Institute for War and Peace Reporting | Giving Voice, Driving Change
Air Raids Just Routine in Besieged Syrian Town
A woman searches for her child among dead bodies in Aleppo. (Photo: Salah al-Ashqar)
Nothing seemed different about that particular morning in Douma. The cold night was over, and the sounds of artillery fire from government forces had subsided.
At around eight in the morning, I was standing at our front door chatting with my cousins who live in the same building. Suddenly we heard two loud explosions. A plane had dropped two bombs on our neighbourhood, and the noise was so deafening I felt as if my head would explode.
“The pilot has started his rounds early today,” my cousin said sarcastically.
“He’s started his shift, and we should start ours,” I replied. “It’s time for work.”
My mother tried to persuade me not to go.
“Something doesn’t seem right today,” she said. “You should stay at home, in case something bad happens.”
I told her not to worry, “Nothing will happen, God willing.”
I wanted to go out so I could drop into an internet café and catch up on the news at some point.
She finally gave in, praying that God would protect me, and I set off to work. I arrived there ten minutes later just as a second air raid started. Four bombs dropped by a plane landed in the neighbourhood, followed by two artillery shells.
Panic broke out as people started shouting and rushing to hide in the basement of our office.
“Go back home,” my colleague Abu Ali told me. “It doesn’t look like this day is going to end well.”
I left the office, but instead of going home I went to my friend Walaa’s house. Douma was suffering from electricity shortages and my family couldn’t afford to buy a generator. I didn’t want to spend the entire day disconnected from the world and I knew I would be able to read the news online at Walaa’s house as her family owned a generator.
I made my way there as yet another airstrike took place and the sound of ambulance sirens filled the streets.
When I got there, I found Walaa in a room on the ground floor along with the rest of her family and other relatives, seeking shelter from the bombs.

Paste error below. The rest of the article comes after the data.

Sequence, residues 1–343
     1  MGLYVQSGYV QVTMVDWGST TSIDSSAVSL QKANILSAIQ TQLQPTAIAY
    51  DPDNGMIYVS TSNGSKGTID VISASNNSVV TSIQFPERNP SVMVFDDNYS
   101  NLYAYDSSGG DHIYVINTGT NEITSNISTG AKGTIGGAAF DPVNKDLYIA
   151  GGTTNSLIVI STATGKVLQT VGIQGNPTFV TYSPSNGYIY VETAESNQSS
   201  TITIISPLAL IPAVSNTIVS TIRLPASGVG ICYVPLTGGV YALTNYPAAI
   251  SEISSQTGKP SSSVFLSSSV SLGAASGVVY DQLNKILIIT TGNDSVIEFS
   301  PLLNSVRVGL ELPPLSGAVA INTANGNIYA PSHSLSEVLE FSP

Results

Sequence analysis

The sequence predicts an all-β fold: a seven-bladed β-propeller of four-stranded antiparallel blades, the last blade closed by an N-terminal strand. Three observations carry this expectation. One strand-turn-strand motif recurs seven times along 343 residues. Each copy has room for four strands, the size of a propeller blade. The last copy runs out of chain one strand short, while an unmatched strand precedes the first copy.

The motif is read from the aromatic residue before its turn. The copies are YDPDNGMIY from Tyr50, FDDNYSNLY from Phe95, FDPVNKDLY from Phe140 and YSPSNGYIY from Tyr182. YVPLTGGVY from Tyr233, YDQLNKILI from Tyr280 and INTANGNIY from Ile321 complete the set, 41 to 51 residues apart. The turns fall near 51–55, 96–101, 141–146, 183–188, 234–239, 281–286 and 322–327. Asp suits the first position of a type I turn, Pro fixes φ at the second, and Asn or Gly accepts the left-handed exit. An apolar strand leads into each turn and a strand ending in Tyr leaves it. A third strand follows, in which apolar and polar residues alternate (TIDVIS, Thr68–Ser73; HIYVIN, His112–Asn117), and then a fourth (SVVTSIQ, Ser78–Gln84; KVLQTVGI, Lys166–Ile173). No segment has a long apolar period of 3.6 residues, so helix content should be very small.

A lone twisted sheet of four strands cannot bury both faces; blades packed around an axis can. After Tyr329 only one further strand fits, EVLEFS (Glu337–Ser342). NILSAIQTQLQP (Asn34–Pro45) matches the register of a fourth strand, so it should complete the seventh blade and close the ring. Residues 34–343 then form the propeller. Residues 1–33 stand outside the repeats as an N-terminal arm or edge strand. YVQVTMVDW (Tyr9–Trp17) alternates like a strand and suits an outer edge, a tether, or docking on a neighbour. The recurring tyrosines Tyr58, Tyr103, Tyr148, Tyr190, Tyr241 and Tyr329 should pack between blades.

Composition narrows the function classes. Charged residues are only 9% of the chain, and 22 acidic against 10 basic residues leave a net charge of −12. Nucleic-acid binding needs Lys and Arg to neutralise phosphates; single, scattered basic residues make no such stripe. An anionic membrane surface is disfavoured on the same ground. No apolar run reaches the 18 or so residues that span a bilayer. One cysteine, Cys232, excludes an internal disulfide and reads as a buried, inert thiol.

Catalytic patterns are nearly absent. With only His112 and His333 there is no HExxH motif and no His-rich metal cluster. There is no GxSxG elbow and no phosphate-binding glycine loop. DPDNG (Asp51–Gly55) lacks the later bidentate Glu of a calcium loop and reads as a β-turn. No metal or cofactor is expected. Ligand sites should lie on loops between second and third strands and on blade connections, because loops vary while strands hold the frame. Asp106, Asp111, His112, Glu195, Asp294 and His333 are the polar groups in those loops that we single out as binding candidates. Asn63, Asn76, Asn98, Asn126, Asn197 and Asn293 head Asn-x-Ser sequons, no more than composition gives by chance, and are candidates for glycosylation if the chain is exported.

They were happy to see me, and asked what was happening outside. I told them where the bombs had fallen, having gleaned this information from the shouts of men I passed on the street.
The loudspeakers of our neighbourhood mosques boomed into life, broadcasting messages urging people to abandon their homes and hide in basements. People tried to keep calm, but panic was clearly spreading. Although we had become accustomed to death, the sound of an explosion remains as terrifying as the casualties it causes.
A plane soared in the sky above us, as if on display at an air show. But the criminal inside it was showering our neighbourhood with bombs.
Below him, the people of Douma were weary of the fighting and hunger they had suffered. Many of their young children had grown up knowing nothing but war.
By midday, we could hear screams coming from beneath the rubble. Ambulances rushed to several devastated sites. People were trapped underneath what used to be their homes, dying.
Walaa’s family finally turned the generator on, and we all gathered around the TV to watch the news. Despite the gravity of what was happening to us, there was no mention of the day’s attacks. Instead, the news covered speeches held by so-called patriotic opposition figures, and an event which a government supporter – labelled a traitor in this report – had attended.
The only reference to our plight came in a news ticker at the bottom of the screen. It mentioned the number of airstrikes, the targets and the number of lives lost. Syrians were dying by the dozens, and the killing was no longer even newsworthy.
Disappointed, we switched off the TV. I logged on to my Facebook account and started writing my own updates on our situation, and sharing others that had been posted by my friends.
Suddenly, a bomb went off nearby. Children started screaming and the women were equally terrified. Everyone left the room, but I persevered with posting my updates. Only ten-year old Rahaf stayed behind to keep me company.
“Aren’t you scared, aunty?” she asked me with a smile.
“No,” I said, “Death isn’t scary. The only thing that scares me is the thought of seeing you stop smiling.”
At five pm there was another lull in the bombing, so I said goodbye to my friend and ran home to check on my family. They were fine, thank God, but the city had been devastated.
When night fell on Douma, darkness shrouded the scene of the mass killings the town had witnessed that day, and the martyrs were still being counted.
Douma’s people were being punished for the single crime of demanding their freedom. The price they have paid so far has been very high.
Hiba al-Rahman is the pseudonym of a Damascus Bureau contributor living in Douma, Syria.
This story was produced by the Damascus Bureau, IWPR’s news platform for Syrian journalists.
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